What the precise machinations are I’ve barely a clue. But the American nation state is bankrupt financially and culturally — it is pretty much over.

The key drivers behind all this may be a tad more mundane than a conspiracy, I do not doubt:

  1. Big Pharma profits;
  2. Groupthink on a grand scale, a lemming stampede based on fear and disinformation
  3. The statist presumption of salvation by State intervention;
  4. Trump Derangement Syndrome and all the ideological baggage that entailed;
  5. The leftist assumption that ”we” (westerners; Americans) are bad and ”they” (whatever the Other of the Day may be) are innocent, victims of ”our” oppression;
  6. Media and political gains from dividing people against each other;
  7. A complete lack of leadership to marshal courage in Americans, whose experience is key worldwide;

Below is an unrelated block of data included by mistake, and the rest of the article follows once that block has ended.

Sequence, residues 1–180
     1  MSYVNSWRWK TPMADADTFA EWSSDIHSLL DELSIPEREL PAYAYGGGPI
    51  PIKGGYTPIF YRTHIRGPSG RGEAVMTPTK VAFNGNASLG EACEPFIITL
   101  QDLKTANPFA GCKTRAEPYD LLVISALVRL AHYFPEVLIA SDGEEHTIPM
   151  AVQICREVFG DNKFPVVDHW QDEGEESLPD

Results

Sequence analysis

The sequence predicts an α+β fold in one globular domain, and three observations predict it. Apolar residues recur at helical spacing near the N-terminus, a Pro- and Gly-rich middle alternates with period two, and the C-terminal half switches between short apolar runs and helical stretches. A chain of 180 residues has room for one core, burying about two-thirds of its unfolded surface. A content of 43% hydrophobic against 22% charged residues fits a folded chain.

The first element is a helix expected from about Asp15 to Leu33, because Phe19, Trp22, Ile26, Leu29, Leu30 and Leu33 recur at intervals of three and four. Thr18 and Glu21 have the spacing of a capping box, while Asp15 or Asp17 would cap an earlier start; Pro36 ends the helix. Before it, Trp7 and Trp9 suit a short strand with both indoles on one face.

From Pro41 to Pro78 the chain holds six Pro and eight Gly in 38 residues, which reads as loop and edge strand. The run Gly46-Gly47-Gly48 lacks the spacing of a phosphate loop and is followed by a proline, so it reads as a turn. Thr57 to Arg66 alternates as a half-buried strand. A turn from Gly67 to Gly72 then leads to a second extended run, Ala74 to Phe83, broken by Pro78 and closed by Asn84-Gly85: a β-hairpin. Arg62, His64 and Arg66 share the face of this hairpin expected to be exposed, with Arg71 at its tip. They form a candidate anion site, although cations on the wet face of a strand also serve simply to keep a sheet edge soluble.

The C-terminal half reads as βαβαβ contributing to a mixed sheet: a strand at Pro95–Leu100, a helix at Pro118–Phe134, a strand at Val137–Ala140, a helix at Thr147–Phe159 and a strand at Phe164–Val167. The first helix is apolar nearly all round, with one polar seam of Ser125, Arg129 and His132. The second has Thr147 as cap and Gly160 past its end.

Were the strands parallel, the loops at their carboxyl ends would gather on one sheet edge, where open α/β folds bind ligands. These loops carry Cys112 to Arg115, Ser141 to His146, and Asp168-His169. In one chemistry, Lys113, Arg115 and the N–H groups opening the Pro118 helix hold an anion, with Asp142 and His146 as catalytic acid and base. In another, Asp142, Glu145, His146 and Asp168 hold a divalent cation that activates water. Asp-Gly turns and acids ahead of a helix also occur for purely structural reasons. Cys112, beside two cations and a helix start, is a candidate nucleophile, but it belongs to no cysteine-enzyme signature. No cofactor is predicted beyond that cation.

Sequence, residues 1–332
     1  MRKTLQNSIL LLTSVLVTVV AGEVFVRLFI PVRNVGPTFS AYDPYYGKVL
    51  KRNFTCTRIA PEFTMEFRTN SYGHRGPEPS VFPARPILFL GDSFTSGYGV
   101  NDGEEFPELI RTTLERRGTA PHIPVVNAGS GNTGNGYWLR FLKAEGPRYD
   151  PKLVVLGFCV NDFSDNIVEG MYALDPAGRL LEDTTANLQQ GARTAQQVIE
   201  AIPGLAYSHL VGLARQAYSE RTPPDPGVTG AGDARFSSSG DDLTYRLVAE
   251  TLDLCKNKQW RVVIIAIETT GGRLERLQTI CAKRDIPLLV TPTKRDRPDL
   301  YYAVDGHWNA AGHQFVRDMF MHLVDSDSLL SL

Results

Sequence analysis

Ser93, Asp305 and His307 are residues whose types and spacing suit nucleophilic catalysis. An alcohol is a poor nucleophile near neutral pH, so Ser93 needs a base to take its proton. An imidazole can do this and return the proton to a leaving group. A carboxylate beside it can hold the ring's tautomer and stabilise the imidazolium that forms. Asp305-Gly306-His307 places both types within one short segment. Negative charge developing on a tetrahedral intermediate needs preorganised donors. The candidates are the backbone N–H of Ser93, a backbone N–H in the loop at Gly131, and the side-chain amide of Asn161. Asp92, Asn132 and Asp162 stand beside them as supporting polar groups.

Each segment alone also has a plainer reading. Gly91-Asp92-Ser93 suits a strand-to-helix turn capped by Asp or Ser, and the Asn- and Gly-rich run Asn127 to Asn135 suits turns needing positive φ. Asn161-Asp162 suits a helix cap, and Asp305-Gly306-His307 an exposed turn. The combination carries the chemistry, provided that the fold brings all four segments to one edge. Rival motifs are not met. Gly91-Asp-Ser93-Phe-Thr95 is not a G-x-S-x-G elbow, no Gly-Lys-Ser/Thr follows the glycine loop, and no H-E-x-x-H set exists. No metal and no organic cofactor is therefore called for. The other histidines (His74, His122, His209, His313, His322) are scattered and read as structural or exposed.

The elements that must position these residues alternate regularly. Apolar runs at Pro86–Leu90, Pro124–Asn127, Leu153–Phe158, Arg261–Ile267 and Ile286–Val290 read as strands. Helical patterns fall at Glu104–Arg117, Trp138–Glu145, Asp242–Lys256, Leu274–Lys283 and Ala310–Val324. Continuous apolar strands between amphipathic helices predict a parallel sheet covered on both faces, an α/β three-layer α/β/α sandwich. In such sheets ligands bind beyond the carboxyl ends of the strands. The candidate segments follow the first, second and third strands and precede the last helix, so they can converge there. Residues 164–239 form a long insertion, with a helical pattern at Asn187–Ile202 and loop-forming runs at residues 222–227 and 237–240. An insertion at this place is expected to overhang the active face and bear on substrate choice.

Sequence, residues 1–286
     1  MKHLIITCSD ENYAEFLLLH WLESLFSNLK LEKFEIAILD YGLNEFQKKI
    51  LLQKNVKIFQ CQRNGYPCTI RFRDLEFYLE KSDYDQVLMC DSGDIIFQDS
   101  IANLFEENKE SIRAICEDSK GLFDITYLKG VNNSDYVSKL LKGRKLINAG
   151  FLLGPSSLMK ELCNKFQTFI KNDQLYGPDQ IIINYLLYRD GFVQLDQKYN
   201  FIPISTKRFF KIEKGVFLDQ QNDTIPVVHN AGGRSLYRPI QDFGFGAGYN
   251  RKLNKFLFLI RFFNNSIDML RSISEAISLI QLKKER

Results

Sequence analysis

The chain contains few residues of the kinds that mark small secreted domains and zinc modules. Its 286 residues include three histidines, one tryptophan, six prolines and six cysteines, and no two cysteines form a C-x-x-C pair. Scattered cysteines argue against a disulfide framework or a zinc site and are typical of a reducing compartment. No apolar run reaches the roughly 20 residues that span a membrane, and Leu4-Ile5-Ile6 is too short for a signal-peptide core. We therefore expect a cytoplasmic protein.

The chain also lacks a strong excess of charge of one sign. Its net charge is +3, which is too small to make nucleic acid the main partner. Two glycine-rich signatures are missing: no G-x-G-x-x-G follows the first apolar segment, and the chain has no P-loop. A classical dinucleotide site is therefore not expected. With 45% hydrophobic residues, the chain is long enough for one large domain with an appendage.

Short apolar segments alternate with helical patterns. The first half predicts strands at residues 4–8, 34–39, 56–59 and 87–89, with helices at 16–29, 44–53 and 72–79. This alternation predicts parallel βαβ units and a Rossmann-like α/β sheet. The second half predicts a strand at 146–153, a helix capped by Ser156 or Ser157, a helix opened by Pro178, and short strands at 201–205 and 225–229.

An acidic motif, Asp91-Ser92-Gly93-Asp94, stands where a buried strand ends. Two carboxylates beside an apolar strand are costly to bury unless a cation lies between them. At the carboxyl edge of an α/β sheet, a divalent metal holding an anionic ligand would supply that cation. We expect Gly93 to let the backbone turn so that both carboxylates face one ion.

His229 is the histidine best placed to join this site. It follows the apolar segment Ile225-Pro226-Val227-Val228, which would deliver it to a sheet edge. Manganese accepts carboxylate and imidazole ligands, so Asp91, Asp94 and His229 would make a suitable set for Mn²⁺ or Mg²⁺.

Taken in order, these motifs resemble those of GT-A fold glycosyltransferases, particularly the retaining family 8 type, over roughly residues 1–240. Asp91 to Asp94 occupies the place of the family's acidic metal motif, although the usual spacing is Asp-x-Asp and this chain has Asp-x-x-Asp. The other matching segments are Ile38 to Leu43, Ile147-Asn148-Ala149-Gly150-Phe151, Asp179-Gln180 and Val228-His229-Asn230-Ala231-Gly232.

8. Civilizational Death Wish?!?!

But these underlying forces, which sure seem operative everywhere these days, do not explain everything. The existence of international elites as well as partisan American elites cannot be doubted, but their exact agenda? How coordinated is it? I suspect that there has been coordination at key moments all through the pandemic. But hey! Can all this be proven?

Well, not when evidence is deliberately lied about and suppressed, and dissidents de-platformed. And not, especially, while thought leaders continually accept stonewalling evasion as dissuasive of guilt, when it should be regarded as indicative of same. We have to accept common standards of evidence to prove something, and American politics has abandoned any shared standard of evidence since at least Reagan’s time, when GHWB and friends engaged in Iran-Contra.

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* The imperative, here, lies in the Precautionary Principle, if applied in ways not accepted by those who usually try to implement it.

“Overuse of vaccines will drive the development of viruses that are able to evade vaccination.”

“The people that will suffer from this naïve, inappropriate policy of global universal forced vaccination when the potent virus escaped mutants develop will be those people at high risk, the people who most need the vaccine.”

Malone appearing on Jimmy Dore’s show.